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Vaughters defends Kimmage ahead of UCI case

By:
Daniel Benson
Published:
September 28, 2012, 09:54,
Updated:
September 28, 2012, 16:08
Edition:
First Edition Cycling News, Friday, September 28, 2012

Defense fund stands at $40,000 but fear holds back peloton's public support

Garmin-Sharp manager Jonathan Vaughters has defended Paul Kimmage’s integrity in light of the Irishman’s legal case with the UCI.

Vaughters, who allowed Kimmage to be embedded in his team during the 2008 Tour de France, has also said that a cloak of fear may have discouraged a greater number of riders and team managers from defending Kimmage.

“I feel like it’s unnecessary and that Paul is being unfairly singled out,” Vaughters told Cyclingnews when describing the UCI’s defamation case.

The sport’s international governing body began legal proceedings against Kimmage earlier this year and the action stemmed from a body of work for The Sunday Times newspaper, which includes an extensive interview with Floyd Landis published in January 2011, and in response to criticism of the UCI that Kimmage expressed in an interview with L'Équipe. The UCI chose not to pursue legal action against Tyler Hamilton after the former US Postal rider leveled severe allegations at the feet of the UCI in his book "The Secret Race". The UCI are also in the midst of a legal case with Floyd Landis but former UCI President Hein Verbruggen told  Cyclingnews last week that, "The problem is we can't find Landis."

Kimmage received a subpoena on September 20 from the Est Vaudois district court, which is based in Vevey, near UCI headquarters in Aigle, Switzerland. The case is to be heard on December 12. An online fund to help Kimmage with legal costs was set up by websites nyvelocity.com and cyclismas.com within hours and donations currently stand at over $40,000.

However relatively few riders from within the peloton or team managers have publicly added their support. Vaughters and Garmin’s David Millar are among a small minority, which Vaughters aligns a sense of possible recrimination for speaking out against the UCI.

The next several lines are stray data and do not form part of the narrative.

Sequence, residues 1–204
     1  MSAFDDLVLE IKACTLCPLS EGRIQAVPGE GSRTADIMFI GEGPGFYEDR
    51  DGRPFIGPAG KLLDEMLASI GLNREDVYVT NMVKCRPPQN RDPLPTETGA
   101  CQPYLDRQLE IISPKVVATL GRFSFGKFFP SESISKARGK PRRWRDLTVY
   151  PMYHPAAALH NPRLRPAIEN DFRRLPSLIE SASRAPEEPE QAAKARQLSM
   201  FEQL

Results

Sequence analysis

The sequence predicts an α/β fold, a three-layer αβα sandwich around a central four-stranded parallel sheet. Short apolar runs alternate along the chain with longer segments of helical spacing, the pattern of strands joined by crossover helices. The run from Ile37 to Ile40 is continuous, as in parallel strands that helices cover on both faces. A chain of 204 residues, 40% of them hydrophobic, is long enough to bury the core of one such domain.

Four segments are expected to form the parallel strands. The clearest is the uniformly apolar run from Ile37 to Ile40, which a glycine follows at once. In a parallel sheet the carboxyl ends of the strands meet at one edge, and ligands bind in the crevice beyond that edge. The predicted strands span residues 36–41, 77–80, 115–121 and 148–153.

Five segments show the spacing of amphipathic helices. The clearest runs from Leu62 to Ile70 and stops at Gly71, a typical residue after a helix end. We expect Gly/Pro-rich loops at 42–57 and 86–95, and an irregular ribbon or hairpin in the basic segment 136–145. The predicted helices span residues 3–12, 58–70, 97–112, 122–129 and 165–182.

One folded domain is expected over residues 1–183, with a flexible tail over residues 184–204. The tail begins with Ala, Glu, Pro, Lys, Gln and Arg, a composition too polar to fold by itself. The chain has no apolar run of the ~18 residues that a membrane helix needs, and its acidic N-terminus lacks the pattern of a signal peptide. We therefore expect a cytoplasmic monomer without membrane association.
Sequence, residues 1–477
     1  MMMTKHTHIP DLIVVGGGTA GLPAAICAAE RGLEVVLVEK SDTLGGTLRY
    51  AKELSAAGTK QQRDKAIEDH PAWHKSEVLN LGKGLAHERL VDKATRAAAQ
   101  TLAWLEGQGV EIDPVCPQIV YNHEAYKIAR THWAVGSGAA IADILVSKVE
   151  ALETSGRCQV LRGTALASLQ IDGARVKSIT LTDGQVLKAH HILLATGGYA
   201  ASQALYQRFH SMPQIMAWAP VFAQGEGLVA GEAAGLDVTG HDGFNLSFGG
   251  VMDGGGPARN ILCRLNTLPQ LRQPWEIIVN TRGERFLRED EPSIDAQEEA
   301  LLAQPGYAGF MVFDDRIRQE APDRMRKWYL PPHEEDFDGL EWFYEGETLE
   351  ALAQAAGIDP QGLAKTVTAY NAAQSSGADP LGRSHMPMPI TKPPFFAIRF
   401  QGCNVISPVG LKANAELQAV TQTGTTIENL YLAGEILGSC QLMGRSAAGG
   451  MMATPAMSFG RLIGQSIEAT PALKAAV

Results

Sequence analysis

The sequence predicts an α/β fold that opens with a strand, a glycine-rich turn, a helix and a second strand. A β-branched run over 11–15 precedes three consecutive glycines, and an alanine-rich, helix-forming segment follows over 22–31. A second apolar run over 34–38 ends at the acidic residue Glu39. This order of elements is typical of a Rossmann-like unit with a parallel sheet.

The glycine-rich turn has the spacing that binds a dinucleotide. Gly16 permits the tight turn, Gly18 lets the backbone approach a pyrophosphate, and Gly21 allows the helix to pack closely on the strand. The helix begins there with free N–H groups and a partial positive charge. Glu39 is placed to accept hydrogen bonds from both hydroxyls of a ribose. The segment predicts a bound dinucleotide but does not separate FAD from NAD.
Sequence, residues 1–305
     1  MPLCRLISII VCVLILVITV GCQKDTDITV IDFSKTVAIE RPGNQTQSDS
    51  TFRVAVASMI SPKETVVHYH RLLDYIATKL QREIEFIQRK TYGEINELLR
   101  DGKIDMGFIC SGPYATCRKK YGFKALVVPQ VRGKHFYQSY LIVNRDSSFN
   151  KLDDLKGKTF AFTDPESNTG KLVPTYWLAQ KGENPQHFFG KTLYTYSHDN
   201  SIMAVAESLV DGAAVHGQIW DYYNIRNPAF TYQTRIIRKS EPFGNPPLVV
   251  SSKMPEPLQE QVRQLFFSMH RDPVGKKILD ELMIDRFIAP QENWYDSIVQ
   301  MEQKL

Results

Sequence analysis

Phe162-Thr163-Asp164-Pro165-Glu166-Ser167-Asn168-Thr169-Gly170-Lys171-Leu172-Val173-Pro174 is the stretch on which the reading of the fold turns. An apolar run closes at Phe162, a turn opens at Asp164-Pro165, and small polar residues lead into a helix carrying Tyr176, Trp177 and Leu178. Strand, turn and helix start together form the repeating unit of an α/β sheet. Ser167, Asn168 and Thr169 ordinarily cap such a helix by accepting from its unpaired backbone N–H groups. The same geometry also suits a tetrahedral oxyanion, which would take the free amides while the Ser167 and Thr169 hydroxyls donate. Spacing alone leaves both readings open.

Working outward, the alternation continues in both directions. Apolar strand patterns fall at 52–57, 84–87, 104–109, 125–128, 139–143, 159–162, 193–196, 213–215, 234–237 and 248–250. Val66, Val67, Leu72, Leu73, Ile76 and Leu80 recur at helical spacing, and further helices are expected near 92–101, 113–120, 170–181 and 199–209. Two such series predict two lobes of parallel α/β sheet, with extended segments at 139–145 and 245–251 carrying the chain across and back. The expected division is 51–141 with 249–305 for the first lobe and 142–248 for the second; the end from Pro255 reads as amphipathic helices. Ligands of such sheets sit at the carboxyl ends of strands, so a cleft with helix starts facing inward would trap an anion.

“I think that there’s an overarching fear. What the consequences could be. Is it going to hurt your team’s WorldTour licensing prospects, for example? Is it somehow going to put you on a blacklist? I think there’s fear of that. Whether that fear is sensible or not, I don’t know but I would say that’s probably the reason. There’s some fear in the professional ranks that the consequences could be very high if you say something the UCI doesn’t like.”

"He's very honest"

Kimmage, the author of the acclaimed “Rough Ride” spent a sustained period with Garmin during their debut season in 2008, closely following the team during the Tour de France. The experience helped to rekindle his passion for professional cycling, with the team being one of the first teams to take a public stance against doping.

“In the begining a lot of the guys thought, well isn’t this a journalist who just writes nasty things about cycling, but by the end, every rider who met him, liked him and respected him," Vaughters recalled.

"Our impression of Paul had become ‘wow this guy is very much in love with the sport of cycling and he just wants to see the sport go forward in a positive and ethical way’. That’s basically it. My opinion of him couldn’t be higher.”

Kimmage and Vaughters’ relationship hasn’t always been rosy. In 2010 in light of the Luis de Moral story that involved a Garmin rider being tested by the controversial doctor, Kimmage was critical of the team’s behaviour and handling of the episode.

“If you do something he doesn’t like he’ll tell you straight to your face and there’s no beating around the bush and I appreciate that. He’s very honest," Vaughters said.

“Paul is very passionate. He asked some very hard questions in regards to that. He had the right to ask those questions. When it was resolved he appreciated the way our team reacted. There was a while when I think he felt ‘have I been deceived by this team?’ and that’s fine but after a certain point he saw we’d done the correct thing. At the end of the day I see Paul as someone who had the best interests of the sport of cycling in mind. For the governing body of cycling to be suing him I think is sad.”